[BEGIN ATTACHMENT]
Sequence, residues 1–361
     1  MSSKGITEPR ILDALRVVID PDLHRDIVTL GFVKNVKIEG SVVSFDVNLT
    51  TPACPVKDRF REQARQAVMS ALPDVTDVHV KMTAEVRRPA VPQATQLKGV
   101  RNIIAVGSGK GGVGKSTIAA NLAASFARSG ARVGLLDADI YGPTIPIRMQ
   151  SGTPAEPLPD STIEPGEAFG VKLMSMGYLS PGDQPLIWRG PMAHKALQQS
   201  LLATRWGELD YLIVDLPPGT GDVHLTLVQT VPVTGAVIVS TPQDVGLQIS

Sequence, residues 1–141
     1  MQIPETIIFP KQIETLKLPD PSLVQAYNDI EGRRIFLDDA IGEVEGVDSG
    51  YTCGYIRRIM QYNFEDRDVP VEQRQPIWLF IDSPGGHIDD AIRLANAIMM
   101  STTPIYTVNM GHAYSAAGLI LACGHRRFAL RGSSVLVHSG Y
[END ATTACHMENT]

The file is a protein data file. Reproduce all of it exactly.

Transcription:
Sequence, residues 1–361
     1  MSSKGITEPR ILDALRVVID PDLHRDIVTL GFVKNVKIEG SVVSFDVNLT
    51  TPACPVKDRF REQARQAVMS ALPDVTDVHV KMTAEVRRPA VPQATQLKGV
   101  RNIIAVGSGK GGVGKSTIAA NLAASFARSG ARVGLLDADI YGPTIPIRMQ
   151  SGTPAEPLPD STIEPGEAFG VKLMSMGYLS PGDQPLIWRG PMAHKALQQS
   201  LLATRWGELD YLIVDLPPGT GDVHLTLVQT VPVTGAVIVS TPQDVGLQIS

Sequence, residues 1–141
     1  MQIPETIIFP KQIETLKLPD PSLVQAYNDI EGRRIFLDDA IGEVEGVDSG
    51  YTCGYIRRIM QYNFEDRDVP VEQRQPIWLF IDSPGGHIDD AIRLANAIMM
   101  STTPIYTVNM GHAYSAAGLI LACGHRRFAL RGSSVLVHSG Y